So we can spend all our time feeling terrible about how we’re lousy workers and lousy mothers. And, by the way, I do this a lot. All of us do. Or we can start realizing that we can be great mothers. The data on this is super clear: you can be a very successful parent with a great relationship with thriving children and have a full-time job. And you can be a great worker and a great colleague at work but not be there for 12 hours a day in person. And I think we have to let ourselves do that.
The move from Google to Facebook was scary. I was going from just running sales and operations to running the whole business side. Facebook’s regular hours were often all-nighters. If I had just stayed there all night because that’s what everyone did, I would have been exhausted. I would have decided that I was a bad mom, and eventually I would have quit. The other way it could have worked out was if I could come in early, work the hours I wanted to work, leave at 5:30 pm, get back online—which is exactly what I do to this day—and see if it worked out. And then if it did work out, I had a chance of staying.
What I think people don’t see is, if you do it the first way—just do everything asked of you—you’re not actually giving it a chance to really work. If you do it based on what you really need, then you can. And I’m not saying I don’t make sacrifices. You know, there has never been a 24-hour period in five years when I have not responded to e-mail at Facebook. I am not saying it’s easy. I work long hours. I am saying that I was able to mold those hours around the needs of my family, and that matters. And I really encourage other people at Facebook to mold hours around themselves.
The Quarterly: Your aspiration is to make “leaning in” a global trend for women. In fact, you are seeding a nonprofit called Lean In. What are your hopes for that?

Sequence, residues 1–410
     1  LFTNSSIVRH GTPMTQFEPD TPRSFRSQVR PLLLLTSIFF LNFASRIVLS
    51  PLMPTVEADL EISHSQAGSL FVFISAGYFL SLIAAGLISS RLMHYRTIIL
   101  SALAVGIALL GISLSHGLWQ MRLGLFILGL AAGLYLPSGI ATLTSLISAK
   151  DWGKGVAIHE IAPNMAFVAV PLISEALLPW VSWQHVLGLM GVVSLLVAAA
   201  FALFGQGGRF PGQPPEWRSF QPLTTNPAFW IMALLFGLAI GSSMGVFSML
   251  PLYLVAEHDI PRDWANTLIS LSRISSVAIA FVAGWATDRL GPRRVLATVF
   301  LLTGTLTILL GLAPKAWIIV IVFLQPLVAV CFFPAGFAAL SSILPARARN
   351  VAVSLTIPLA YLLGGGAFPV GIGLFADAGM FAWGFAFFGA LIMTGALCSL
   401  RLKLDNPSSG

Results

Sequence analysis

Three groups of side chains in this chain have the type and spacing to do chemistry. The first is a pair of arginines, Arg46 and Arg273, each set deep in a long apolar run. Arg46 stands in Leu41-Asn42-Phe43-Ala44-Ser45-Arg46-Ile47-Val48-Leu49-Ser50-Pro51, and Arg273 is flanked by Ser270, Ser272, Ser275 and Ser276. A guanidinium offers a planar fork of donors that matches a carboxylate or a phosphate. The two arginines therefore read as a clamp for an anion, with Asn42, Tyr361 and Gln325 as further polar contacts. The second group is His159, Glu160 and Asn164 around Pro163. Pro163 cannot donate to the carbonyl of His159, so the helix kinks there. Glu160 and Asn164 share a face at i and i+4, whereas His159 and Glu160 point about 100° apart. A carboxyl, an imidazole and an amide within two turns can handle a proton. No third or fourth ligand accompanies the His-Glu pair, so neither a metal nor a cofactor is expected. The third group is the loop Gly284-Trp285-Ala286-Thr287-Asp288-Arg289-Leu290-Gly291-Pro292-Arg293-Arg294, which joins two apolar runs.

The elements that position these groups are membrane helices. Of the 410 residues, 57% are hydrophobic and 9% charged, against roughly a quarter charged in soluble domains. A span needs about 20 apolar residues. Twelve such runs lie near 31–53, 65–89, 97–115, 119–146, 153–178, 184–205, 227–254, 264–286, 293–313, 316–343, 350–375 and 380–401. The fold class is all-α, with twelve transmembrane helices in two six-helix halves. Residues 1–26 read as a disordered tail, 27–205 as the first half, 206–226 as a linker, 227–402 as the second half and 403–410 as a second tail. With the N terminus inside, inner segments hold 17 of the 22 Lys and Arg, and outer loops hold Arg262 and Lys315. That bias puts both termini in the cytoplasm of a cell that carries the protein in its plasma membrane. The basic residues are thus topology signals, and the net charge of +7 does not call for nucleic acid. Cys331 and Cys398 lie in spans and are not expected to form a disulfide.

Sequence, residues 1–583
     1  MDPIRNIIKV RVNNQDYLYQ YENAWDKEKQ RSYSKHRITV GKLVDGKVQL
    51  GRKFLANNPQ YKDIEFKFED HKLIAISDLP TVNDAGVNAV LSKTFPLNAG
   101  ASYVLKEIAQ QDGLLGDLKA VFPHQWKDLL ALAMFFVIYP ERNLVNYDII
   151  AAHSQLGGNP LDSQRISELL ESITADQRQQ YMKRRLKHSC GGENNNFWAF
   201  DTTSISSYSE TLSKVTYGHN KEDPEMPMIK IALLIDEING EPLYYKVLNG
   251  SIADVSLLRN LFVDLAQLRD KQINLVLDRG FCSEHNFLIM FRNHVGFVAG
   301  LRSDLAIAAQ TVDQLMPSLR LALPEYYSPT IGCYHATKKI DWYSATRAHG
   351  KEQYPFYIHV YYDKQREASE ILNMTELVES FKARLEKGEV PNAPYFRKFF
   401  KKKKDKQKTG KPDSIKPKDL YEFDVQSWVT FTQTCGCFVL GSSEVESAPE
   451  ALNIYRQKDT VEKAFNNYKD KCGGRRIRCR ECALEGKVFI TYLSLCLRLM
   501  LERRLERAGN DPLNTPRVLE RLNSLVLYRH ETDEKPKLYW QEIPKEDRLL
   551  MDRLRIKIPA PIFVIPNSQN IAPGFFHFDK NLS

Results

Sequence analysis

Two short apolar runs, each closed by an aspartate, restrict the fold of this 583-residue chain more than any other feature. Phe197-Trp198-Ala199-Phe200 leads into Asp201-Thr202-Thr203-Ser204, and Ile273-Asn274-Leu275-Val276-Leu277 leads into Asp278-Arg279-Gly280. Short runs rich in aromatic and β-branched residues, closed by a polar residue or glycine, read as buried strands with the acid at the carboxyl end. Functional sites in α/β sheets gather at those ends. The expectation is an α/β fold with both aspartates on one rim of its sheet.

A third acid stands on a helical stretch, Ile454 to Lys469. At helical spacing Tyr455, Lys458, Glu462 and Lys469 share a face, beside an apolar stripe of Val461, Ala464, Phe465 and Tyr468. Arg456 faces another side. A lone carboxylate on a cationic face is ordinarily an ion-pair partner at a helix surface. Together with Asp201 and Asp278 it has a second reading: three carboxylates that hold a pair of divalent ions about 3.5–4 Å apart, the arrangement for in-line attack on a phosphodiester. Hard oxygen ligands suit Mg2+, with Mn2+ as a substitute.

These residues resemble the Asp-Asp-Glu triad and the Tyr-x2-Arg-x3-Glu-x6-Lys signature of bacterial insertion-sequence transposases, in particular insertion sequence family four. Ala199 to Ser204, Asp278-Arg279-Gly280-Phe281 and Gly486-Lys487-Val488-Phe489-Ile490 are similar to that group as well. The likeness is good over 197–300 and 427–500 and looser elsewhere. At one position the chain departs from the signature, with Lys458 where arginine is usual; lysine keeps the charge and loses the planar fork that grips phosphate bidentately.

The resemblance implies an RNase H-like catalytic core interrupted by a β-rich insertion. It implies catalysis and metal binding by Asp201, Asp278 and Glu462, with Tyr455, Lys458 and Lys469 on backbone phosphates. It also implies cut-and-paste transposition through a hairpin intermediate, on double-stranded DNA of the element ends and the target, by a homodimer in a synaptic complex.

Sheryl Sandberg: I am hoping that my book is just the start of the conversation. I really want to help build a global community where we’re giving women not just the desire to lead but the support and the tools they need to do it. So the Lean In community is doing three things. First, we’re helping to foster a daily conversation. It will take place on Facebook, unsurprisingly: people telling their Lean In stories, people discussing issues—creating opportunities for people to come together around the issues and challenges women face in leadership.
The second thing we’re doing is Lean In Education. We’re getting great practitioners and professors who teach classes for usually very elite groups of women. We’re taping them and putting them online where they’re broadly accessible to anyone. And the third thing we’re doing is based on the YPO model, helping women and men set up Lean In circles: peer groups of 8 to 12 people who agree to meet once a month. The idea is that by giving women the tools, the education, and the support they need, we can encourage more women to lean in and encourage more men and more organizations to explicitly support women in leadership.
I want to change the numbers at the top. I’d like to know that in my daughter’s generation, they are not going to be 14 percent of the top jobs. That we’re no longer going to write headlines saying that women are taking over the Senate when they get 20 percent of the seats; 20 percent is not a takeover. I want real equality.